‘Success eventually erases all mistakes.’ The Chinese proverb perfectly captures the perfectionism of high-flying fund manager Bin Shi, who is always focused on correcting and learning from any missteps in his strategy.
Over the past five years, Shi has led the way in the Chinese equity sector, outperforming all his peers with consistent returns from his UBS China Opportunity fund.
The manager has been at the Swiss banking giant for more than 11 years, and runs three Chinese equity funds from his base in Hong Kong.
He has managed the $1,788.41 million China Opportunity fund since July 2010, with a fundamental approach and a market-cap-neutral strategy.
In this respect, Shi explains that he doesn’t pay too much attention to the benchmark, as the fund has an overweight of 30% in small and mid caps.
In his allocation, the Chinese-born manager draws upon both his long career in Chinese equity investing and the experience he gained in US equities between 1999 and 2002.
‘It’s good to have experience in developed markets like the US market, because you know which direction emerging markets like China will go in the long run.’
Shi says he has made his fair share of mistakes with the strategy, but this has made for a steep learning curve. In the long run, it has helped him outperform.
‘In 2011, we digressed a little bit by investing in too many very early stage companies, and a lot of those stocks did not do very well. We reflected hard in 2012 and decided to come back to the core, focusing on leaders and future leader companies that can do well in the long run.’
Having made this decision, the team sold on the smaller names they thought they had made mistakes on, and kept the fundamentally strong companies with a long-term view, regardless of whether they were out of sync with the market at the time.
Within the portfolio, the number of stocks decreased as Shi set up a more disciplined stock-picking strategy. The average number of positions fell from 70 holdings to between 40 and 50 today.
These tweaks to the strategy have been the main drivers of the fund’s success over the past five years, and have created consistency and higher levels of performance since 2012.
‘We learned from our underperformance during that period. I think making mistakes is part of life, but making the same mistake twice cannot be forgiven.
‘We hadn’t fully implemented our strategy before, but now, because we have more confidence in our approach and we have learnt from our past mistakes, we will not digress again like in 2011. As well as we have done against the benchmark, we still feel like there are a lot of things we could do better and ways to improve.’
Navigating a young market
The inclusion of China A-Shares in the MSCI global benchmark indices – marking an improvement in market accessibility and a loosening of controls – is very positive for investors and companies in China, Shi says.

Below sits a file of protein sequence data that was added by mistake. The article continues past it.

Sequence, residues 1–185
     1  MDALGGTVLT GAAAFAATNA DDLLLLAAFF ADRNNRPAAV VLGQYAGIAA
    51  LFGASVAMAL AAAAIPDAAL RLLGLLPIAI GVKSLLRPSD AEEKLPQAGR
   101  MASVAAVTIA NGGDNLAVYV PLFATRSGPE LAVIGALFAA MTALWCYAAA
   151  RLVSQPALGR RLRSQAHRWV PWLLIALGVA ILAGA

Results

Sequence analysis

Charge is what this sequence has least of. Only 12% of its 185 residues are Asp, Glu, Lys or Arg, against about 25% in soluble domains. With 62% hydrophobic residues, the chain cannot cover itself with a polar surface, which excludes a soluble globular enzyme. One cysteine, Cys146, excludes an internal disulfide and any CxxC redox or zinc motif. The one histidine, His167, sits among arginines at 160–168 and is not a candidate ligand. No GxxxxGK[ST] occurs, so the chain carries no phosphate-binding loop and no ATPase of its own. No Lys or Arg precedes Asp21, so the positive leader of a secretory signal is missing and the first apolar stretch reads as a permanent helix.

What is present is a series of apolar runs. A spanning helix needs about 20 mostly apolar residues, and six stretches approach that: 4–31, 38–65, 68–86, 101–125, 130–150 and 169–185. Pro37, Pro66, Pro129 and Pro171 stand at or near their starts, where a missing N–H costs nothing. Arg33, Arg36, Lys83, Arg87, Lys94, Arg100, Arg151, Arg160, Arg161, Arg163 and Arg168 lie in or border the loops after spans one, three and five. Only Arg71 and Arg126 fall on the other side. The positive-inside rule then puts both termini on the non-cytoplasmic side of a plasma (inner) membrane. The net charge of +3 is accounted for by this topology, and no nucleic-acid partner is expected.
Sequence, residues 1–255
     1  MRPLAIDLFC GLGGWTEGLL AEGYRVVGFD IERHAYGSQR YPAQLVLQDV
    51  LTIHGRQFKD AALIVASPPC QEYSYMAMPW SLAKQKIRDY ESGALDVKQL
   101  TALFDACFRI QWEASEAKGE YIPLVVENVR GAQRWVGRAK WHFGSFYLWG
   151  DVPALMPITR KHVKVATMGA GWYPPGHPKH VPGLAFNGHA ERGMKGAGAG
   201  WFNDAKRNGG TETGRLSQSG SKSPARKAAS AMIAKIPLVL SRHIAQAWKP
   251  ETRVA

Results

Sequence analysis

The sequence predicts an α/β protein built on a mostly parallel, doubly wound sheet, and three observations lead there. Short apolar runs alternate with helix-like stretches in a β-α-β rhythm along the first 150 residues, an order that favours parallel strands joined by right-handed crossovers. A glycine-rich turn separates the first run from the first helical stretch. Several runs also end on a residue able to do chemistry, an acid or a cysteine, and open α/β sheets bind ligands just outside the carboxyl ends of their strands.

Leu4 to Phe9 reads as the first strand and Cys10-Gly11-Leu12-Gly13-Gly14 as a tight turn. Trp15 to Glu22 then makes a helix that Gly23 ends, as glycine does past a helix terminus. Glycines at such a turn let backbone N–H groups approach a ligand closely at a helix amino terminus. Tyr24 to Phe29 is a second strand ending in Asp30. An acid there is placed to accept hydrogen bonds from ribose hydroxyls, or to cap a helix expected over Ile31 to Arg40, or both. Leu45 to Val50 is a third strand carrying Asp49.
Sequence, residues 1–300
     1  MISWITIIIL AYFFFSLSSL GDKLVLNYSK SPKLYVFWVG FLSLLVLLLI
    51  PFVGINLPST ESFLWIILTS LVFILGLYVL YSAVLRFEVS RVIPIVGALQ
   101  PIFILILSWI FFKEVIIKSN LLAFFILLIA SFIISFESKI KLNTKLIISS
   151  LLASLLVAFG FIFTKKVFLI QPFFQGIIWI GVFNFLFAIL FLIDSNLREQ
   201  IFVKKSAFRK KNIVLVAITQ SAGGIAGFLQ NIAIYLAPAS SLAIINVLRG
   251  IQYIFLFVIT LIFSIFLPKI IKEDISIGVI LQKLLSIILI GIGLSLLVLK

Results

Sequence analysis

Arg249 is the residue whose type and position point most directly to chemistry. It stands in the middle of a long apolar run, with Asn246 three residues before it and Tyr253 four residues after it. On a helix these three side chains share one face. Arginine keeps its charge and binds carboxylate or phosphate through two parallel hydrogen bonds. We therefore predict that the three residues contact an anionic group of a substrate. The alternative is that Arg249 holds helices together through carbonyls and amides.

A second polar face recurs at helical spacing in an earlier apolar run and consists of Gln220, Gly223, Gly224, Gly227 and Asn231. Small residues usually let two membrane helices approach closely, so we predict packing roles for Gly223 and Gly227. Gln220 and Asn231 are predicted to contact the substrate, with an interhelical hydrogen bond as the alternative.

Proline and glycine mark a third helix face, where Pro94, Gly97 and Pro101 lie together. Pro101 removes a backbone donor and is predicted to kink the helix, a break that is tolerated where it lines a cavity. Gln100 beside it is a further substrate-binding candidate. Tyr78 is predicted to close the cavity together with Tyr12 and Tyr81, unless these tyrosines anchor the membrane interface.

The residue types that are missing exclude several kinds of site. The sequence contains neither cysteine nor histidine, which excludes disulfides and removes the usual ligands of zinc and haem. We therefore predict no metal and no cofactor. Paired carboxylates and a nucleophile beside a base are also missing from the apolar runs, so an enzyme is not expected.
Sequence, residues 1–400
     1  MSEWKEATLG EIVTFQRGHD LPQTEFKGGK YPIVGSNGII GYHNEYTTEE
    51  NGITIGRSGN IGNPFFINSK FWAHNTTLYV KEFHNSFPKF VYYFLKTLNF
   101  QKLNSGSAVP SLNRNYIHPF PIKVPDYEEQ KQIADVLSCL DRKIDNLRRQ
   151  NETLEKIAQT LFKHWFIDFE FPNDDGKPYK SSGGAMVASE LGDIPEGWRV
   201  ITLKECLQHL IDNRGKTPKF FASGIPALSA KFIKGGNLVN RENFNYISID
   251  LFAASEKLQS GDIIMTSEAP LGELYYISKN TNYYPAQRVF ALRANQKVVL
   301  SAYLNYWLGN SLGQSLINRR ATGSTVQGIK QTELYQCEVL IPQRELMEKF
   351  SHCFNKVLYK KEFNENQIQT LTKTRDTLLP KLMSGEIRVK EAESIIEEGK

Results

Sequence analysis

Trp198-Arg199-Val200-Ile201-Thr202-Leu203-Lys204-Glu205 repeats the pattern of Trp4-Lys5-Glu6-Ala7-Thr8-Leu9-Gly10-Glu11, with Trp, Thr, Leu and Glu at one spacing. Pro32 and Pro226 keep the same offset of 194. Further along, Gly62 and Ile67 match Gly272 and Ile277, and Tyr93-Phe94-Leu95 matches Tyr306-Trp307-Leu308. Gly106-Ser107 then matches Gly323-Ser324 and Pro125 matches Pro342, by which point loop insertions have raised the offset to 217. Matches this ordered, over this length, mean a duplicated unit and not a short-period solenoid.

‘We think the inclusion is definitely long overdue, because not including it means the benchmark is probably not very representative.’
Global investors are set to gain from the move, as they will be able to invest in the market for the first time. Even so, Shi’s China Opportunity fund has only one A-Shares stock, representing 0.5% of the portfolio, despite being able to hold up to 10%. ‘The A-Shares market is very immature and sometimes momentum stocks, stocks with no fundamentals, can actually do a lot better than fundamentally sound and reasonably priced stocks,’ he says.
He also notes that it is crucial not to get sucked in by any hype around the young Chinese stocks. This can be tricky when investing in Chinese equities and has led to short-term underperformance in the past. ‘From time to time we can lag the market significantly because our style might not be in favour in the short term. It is a very tough challenge to stick to your principles, filter out all the short-term market noises and focus on the fundamentals,’ he says.
To sustain the long-term performance of the Chinese stock market, we need to see more reform, Shi says. ‘We don’t want to see a strong market if it’s just a short-term event; we want to see a more sustained strong market in the long run and that can only be supported if we do see more structural reforms within the Chinese economy. Any reform will be positive.’
While there has been some reform and the direction has been clear, the pace has been hard to predict, he says, adding that the market is yet to fully discount the expected reforms.
The IT sector is the largest sector exposure within the UBS portfolio, making up 30% of the fund.
Even so, the fund has an underweight compared with the index of 5.4% in the sector, which is largely down to the restriction on individual stocks, Shi explains.
As a mutual fund, the maximum it can own in any single stock is 10%, which restricts exposure to top stocks, including Tencent, which is 15% of the benchmark and Alibaba, which is 12%.
With these two stocks alone, the cap forces the manager to underweight the benchmark by 8%. Without the restrictions, Shi says the fund would likely overweight the sector.
UBS has been invested in Tencent since Shi joined the group 11 years ago, and has benefited from the holding.